It’s no secret that I’m obsessed with books – cookbooks, in particular – and buy them with the same frequency as diapers, toilet paper and earphones for my teens. (Side note: what’s up with that? Why do they get misplaced SO often?) Some people have a budget for lattes and lunches or shoes and shirts, but seeing as I eat and drink at home and forget what being fashionable even looks like, I reserve my pocket money for building up my collection of books.
There is no denying the price of cookbooks has risen quite a lot in the past few years and I dare say the average price of a new purchase is around $35. Fortunately, Amazon and Chapters regularly offer discounts, and so do stores like Costco, which is where I pick up a lot of the newest titles. I shop there once a week anyway, so it’s convenient and economical. This isn’t really the point of the post though (but maybe some of you will find it helpful!), because what I really want to focus on are the books I’ve been buying for a penny. Yes, you read that right. One cent.
Seeing as we don’t even have pennies in Canada anymore, it seems insane to think that that’s the cost of a cookbook, but thanks to Amazon’s used book section, it’s a reality, and I’ve taken advantage of the low, low, l-o-w prices quite a few times. In the interest of full disclosure, I should mention that there is a shipping charge added to the cost of the book, naturally, but it’s a flat rate of $6.49 (Cdn.), which brings the total to a whopping $6.50.
Last year, I scooped up Nigella’s Christmas for this price. After flipping through the book in Chapters, I reluctantly passed on buying it when I saw it was listed for $39. I don’t mind paying that for a book I’ll flip through repeatedly, but for a seasonal cookbook the price seemed a little steep. This year I’ve purchased quite a few vintage cookbooks for this same stellar price, including Joy of Cooking’s Christmas Cookies, which was published in 1996. The list price inside the front cover is $22.95 (Cdn.), but I’m pretty sure it’s not available in stores nowadays so my penny purchase is an even better deal.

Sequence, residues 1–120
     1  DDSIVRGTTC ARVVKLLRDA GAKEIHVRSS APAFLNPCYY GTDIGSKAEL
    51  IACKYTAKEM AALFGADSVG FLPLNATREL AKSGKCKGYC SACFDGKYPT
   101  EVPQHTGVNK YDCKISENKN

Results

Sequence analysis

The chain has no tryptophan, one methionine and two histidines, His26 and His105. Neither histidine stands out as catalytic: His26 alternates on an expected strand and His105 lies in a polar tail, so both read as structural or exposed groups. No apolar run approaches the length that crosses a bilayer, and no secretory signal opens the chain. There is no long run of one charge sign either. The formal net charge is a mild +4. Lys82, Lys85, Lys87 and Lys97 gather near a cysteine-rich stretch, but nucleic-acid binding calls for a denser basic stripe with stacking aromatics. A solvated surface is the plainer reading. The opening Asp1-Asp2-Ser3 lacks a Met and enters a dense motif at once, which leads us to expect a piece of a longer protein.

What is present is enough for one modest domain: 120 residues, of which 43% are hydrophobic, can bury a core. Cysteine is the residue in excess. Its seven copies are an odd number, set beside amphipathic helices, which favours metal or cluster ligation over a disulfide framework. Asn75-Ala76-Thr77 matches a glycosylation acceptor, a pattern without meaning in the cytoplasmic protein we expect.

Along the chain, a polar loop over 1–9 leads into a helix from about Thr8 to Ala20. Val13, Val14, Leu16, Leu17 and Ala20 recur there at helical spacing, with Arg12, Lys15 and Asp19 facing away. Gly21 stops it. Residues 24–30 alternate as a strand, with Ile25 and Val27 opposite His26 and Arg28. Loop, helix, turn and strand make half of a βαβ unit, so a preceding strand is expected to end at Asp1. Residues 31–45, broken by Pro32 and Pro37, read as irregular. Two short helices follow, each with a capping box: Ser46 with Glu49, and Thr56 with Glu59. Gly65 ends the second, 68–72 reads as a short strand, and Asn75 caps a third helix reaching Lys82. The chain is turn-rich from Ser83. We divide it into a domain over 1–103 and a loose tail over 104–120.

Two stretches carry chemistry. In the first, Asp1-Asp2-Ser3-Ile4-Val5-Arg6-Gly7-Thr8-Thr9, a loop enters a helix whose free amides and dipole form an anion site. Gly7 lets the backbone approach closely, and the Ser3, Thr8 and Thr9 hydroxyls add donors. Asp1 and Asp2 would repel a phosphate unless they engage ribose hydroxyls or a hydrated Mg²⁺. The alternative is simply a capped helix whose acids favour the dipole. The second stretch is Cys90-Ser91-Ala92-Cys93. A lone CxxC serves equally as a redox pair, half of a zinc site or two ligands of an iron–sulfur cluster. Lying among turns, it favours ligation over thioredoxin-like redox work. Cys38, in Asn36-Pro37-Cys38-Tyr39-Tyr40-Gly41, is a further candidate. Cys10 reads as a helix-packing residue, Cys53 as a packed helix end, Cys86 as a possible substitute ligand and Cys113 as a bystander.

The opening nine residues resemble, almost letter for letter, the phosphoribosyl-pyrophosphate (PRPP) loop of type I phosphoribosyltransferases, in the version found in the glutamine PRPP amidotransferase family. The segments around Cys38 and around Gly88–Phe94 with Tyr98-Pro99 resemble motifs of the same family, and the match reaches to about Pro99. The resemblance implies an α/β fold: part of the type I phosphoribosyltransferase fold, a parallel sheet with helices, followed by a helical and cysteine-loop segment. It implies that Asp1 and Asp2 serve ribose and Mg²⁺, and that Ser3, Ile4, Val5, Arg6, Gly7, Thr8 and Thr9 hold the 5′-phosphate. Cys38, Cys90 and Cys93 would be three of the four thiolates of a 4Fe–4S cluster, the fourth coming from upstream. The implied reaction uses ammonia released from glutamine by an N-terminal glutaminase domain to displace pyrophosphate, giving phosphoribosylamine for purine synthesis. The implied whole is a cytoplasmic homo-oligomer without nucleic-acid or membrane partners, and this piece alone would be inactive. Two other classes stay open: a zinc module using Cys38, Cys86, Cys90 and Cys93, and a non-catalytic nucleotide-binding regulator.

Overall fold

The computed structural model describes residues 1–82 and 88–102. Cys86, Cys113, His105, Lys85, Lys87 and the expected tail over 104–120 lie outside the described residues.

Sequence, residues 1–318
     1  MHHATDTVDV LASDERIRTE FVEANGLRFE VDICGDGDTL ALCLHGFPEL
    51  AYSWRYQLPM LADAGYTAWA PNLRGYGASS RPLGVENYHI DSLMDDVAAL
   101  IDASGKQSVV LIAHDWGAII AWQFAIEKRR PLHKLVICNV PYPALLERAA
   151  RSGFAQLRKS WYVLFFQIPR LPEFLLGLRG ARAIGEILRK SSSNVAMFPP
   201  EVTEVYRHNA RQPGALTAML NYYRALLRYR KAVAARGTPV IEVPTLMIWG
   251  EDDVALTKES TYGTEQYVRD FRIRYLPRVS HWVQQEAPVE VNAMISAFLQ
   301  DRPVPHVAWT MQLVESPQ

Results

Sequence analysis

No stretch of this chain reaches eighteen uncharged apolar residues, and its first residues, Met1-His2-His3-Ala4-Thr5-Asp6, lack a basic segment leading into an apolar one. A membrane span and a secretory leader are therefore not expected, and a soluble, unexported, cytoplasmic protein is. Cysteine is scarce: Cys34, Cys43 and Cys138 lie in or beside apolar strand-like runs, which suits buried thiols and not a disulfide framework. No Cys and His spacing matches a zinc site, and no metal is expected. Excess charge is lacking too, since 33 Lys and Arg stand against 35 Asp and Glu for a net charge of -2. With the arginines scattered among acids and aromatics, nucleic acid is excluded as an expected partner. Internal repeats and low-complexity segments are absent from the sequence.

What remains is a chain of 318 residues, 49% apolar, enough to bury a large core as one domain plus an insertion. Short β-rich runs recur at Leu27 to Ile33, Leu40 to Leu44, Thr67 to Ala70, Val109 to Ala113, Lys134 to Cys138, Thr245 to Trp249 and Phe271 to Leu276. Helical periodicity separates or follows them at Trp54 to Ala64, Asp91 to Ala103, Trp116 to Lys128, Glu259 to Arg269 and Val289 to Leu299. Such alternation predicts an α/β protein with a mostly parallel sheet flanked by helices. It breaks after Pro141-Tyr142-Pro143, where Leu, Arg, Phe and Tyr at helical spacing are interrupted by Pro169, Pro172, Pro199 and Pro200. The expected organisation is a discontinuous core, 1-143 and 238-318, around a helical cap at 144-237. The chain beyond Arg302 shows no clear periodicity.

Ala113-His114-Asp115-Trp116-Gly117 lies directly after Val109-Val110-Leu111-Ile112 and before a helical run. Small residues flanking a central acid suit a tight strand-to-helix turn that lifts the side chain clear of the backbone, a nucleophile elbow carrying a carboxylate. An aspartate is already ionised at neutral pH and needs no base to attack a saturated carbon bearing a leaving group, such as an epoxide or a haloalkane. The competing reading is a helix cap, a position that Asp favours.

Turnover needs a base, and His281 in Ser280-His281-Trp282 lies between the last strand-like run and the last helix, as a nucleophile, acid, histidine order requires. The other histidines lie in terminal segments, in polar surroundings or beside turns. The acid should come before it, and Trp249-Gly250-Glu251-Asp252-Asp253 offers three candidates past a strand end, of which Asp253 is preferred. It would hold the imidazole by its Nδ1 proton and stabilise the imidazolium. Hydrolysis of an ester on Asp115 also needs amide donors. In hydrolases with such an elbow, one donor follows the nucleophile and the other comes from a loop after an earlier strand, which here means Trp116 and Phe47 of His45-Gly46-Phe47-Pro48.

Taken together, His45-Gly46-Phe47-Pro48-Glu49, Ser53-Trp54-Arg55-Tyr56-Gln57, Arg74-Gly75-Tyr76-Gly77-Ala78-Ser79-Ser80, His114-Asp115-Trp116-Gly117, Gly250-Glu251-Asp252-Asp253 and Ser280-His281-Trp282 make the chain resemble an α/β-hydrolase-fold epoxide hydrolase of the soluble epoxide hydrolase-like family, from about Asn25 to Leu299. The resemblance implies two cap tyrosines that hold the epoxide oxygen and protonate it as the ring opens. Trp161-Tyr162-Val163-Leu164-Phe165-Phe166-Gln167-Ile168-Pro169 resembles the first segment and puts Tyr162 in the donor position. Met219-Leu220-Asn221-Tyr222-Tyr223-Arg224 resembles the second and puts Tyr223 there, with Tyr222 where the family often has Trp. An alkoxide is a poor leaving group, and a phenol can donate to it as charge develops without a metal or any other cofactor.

You’re not going to find these prices on new books or books that are seasonally in demand. I bought my holiday ones at the beginning of the fall, long before people were thinking about filling their freezers with cookies. Having said that, it is still worth checking out the used section when buying because you may end up with a deal anyways. Sometimes the shipping can take awhile, especially because the books are usually coming from the United States or Europe, but regardless of the country of origin the shipping price is still just $6.49 (Cdn.).
Don't you want to go used book shopping now?